I already mentioned this in one of my comments, but I wanted to expand on it a bit more. I want to first make clear though that I’m not trying to claim that we’re original for using ZIP, or found some new cool stuff that no one else knew about. One of the reasons we chose ZIP was that is was in such wide use today we knew it would be easier for people to work with it. If you guys are curious to know more about the reasons behind our decision let me know and I can go into the different requirements we had when deciding on the container format.
For this post though I want to focus specifically on robustness of ZIP, since there was some disagreement on how robust ZIP really is. While I’ll agree that ZIP isn’t the most robust technology out there, it’s still extremely robust relatively speaking (especially compared to compound doc). There is a central directory at the end of the entire ZIP package which points out the location of each part (file) in the ZIP, but that actually isn’t required to open the file. The central directory just makes it easier to do random access to any individual part. The parts inside the ZIP are all written out serially, and there is a header between each one. So, even without the central directory, we could still rebuild the ZIP package just by scanning the file looking for each header.
So, this means that if any one part gets corrupted, you can still recover all the other parts. All the compression occurs at the part level, so you don't need to worry about the corruption of one part interfering with your ability to decompress the other parts. Additionally, if the file gets cut off at some point and you don’t get the central directory, you can still rebuild it just by scanning all the parts you have. Of course you can’t rebuild the parts that are missing, but if all the important parts are at the front of the file, you at least get those.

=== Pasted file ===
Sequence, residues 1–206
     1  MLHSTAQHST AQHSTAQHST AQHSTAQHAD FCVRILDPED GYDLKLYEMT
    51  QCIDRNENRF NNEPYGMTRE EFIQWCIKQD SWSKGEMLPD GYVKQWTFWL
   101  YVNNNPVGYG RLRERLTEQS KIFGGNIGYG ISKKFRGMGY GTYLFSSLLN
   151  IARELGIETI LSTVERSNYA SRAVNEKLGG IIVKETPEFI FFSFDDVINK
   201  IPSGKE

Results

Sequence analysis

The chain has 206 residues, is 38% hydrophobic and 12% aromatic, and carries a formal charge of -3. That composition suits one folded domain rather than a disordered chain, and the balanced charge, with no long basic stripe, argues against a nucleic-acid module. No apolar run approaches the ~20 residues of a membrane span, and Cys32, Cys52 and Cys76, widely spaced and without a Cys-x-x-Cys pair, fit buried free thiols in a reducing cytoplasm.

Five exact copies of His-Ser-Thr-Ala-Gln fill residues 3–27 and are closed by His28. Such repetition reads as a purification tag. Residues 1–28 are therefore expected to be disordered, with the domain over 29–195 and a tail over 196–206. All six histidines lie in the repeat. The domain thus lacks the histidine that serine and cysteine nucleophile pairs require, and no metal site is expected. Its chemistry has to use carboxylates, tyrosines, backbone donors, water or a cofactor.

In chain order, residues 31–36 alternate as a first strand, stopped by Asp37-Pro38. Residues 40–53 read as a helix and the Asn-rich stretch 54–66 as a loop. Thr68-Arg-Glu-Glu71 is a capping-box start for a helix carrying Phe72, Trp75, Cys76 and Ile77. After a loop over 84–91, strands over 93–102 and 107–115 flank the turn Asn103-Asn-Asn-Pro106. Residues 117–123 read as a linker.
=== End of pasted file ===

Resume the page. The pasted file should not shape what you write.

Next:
To take advantage of these conditions and make our files robust, we break them out into multiple parts. In Word for instance, the document properties are stored in a separate part from the document content. The properties go towards the end of the file, and the content goes towards the front. This way we are making it so that even if there is some type of bit level corruption or transmission error, we are increasing our chances of being able to recover the most important data. I’ll go into more detail later about how each application breaks their files out into separate parts. It’s really cool.
The last big benefit around ZIP from a robustness point of view goes back to it’s widespread use. There are tons of ZIP tools out there today that deal with corrupt ZIP files. We knew that we could build in good recovery logic, and in addition, people would have the ability to use other tools to try and repair their files if they wanted to.
There are other kinds of corruption that occur as well, this discussion was really just around bit level corruptions. Other corruptions we see are more related to application or user error. I’ll talk more about this in a future post, since it doesn’t have as much to do with ZIP as it does with the openness of the formats.